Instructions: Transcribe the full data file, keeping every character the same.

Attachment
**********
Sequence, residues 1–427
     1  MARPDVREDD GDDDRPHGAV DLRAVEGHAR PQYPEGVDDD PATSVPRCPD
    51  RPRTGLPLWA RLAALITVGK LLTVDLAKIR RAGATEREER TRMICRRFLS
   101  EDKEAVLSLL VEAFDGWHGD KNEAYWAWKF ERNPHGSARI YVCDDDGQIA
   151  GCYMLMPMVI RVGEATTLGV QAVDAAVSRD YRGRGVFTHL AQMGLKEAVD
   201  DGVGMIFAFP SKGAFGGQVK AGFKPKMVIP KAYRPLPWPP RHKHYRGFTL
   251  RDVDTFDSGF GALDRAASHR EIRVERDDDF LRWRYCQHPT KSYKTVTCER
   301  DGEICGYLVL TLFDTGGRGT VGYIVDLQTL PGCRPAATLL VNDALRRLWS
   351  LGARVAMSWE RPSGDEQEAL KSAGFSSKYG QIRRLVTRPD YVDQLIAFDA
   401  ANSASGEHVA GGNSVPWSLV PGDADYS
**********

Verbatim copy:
Sequence, residues 1–427
     1  MARPDVREDD GDDDRPHGAV DLRAVEGHAR PQYPEGVDDD PATSVPRCPD
    51  RPRTGLPLWA RLAALITVGK LLTVDLAKIR RAGATEREER TRMICRRFLS
   101  EDKEAVLSLL VEAFDGWHGD KNEAYWAWKF ERNPHGSARI YVCDDDGQIA
   151  GCYMLMPMVI RVGEATTLGV QAVDAAVSRD YRGRGVFTHL AQMGLKEAVD
   201  DGVGMIFAFP SKGAFGGQVK AGFKPKMVIP KAYRPLPWPP RHKHYRGFTL
   251  RDVDTFDSGF GALDRAASHR EIRVERDDDF LRWRYCQHPT KSYKTVTCER
   301  DGEICGYLVL TLFDTGGRGT VGYIVDLQTL PGCRPAATLL VNDALRRLWS
   351  LGARVAMSWE RPSGDEQEAL KSAGFSSKYG QIRRLVTRPD YVDQLIAFDA
   401  ANSASGEHVA GGNSVPWSLV PGDADYS